Object resurrection is useful to handle an object pool of commonly used objects, but it obscures code and makes it more confusing.[3] It should be used only for objects that may be frequently used and where the construction/destruction of it is time-consuming. An example could be an array of random numbers, where a large number of them is created and destroyed in a short time, but where actually only a small number is in use at the same time. With object resurrection, a pooling technique would reduce the unnecessary overhead of creation and destruction. Here, a pool manager would get onto its object stack information in the form of a reference to the object, if it is currently to be destructed. The pool manager will keep the object for reuse later.[9]

See also[edit]

Notes[edit]

  1. ^ a b This is not strictly a queue, as elements can be removed from the middle by GC.SuppressFinalization.
  2. ^ CPython uses reference counts for non-cyclic garbage, with a separate cycle detector, while most implementations of Java use a tracing garbage collector.

References[edit]

  1. ^ a b c Goldshtein, Zurbalev & Flatow 2012, p. 129.
  2. ^ a b Richter 2000.
  3. ^ a b "What is resurrection (in garbage collection)?". http://www.xyzws.com/: XYZWS. Retrieved 2011-08-01. An object that has been eligible for garbage collection may stop being eligible and return to normal life. Within a finalize() method, you can assign this to a reference variable and prevent that object's collection, an act many developers call resurrection. /The finalize() method is never called more than once by the JVM for any given object. The JVM will not invoke finalize() method again after resurrection (as the finalize() method already ran for that object).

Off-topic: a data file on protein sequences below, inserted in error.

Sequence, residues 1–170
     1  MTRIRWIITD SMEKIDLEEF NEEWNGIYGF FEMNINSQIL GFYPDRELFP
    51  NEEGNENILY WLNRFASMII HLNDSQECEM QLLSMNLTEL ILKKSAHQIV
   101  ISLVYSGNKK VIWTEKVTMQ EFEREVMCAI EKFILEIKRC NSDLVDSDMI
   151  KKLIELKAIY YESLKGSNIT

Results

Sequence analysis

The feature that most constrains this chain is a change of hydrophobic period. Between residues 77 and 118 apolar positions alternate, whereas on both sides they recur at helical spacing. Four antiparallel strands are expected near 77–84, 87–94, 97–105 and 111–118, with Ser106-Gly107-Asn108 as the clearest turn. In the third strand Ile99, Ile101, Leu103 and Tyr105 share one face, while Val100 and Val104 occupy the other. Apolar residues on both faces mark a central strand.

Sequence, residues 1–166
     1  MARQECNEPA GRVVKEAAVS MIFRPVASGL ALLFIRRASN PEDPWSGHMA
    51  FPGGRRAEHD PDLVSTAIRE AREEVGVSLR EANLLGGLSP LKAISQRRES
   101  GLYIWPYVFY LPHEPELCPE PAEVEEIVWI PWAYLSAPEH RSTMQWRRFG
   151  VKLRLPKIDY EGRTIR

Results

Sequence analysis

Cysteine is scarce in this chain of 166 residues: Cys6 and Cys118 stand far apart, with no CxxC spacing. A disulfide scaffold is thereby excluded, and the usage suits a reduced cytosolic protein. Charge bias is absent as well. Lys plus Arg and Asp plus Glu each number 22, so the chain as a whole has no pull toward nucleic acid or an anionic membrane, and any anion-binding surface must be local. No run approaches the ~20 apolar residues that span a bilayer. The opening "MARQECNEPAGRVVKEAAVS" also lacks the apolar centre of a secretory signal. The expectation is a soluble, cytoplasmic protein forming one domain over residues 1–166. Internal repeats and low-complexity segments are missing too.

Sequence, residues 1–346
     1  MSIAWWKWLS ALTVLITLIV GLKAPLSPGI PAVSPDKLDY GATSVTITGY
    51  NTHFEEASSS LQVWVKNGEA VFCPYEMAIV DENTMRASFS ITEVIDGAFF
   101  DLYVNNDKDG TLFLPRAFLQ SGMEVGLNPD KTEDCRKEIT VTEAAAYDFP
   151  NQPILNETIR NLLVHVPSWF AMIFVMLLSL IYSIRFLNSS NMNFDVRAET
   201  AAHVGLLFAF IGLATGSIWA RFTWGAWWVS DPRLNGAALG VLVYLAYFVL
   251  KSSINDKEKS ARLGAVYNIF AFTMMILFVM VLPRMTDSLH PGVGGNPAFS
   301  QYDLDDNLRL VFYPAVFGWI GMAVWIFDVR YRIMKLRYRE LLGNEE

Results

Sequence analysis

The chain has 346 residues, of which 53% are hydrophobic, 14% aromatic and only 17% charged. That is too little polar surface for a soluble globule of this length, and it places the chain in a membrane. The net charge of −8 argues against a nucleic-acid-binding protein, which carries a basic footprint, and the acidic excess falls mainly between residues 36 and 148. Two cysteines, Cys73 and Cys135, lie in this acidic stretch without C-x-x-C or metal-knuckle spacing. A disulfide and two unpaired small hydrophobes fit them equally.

4. ^ Tim Peters's answer to "How many times can `__del__` be called per object in Python?"
  5. ^ What’s New In Python 3.4, PEP 442: Safe Object Finalization
  6. ^ Pitrou, Antoine (2013). "PEP 442 -- Safe object finalization". 
  7. ^ Implementing a finalize Method
  8. ^ Goldshtein, Zurbalev & Flatow 2012, p. 131.
  9. ^ "Object resurrection". http://www.hesab.net/: Hesab.net. Retrieved 2011-08-01. Object resurrection is an advanced technique that’s likely to be useful only in unusual scenarios, such as when you’re implementing a pool of objects whose creation and destruction is time-consuming. ... The ObjectPool demo application shows that an object pool manager can improve performance when many objects are frequently created and destroyed. Assume that you have a RandomArray class, which encapsulates an array of random numbers. The main program creates and destroys thousands of RandomArray objects, even though only a few objects are alive at a given moment. Because the class creates the random array in its constructor method (a timeconsuming operation), this situation is ideal for a pooling technique. ... The crucial point in the pooling technique is that the PoolManager class contains a reference to unused objects in the pool (in the PooledObjects Stack object), but not to objects being used by the main program. In fact, the latter objects are kept alive only by references in the main program. When the main program sets a RandomArray object to Nothing (or lets it go out of scope) and a garbage collection occurs, the garbage collector invokes the object’s Finalize method. The code inside the RandomArray’s Finalize method has therefore an occasion to resurrect itself by storing a reference to itself in the PoolManager’s PooledObjects structure. So when the NewRandomArray function is called again, the PoolManager object can return a pooled object to the client without going through the time-consuming process of creating a new one.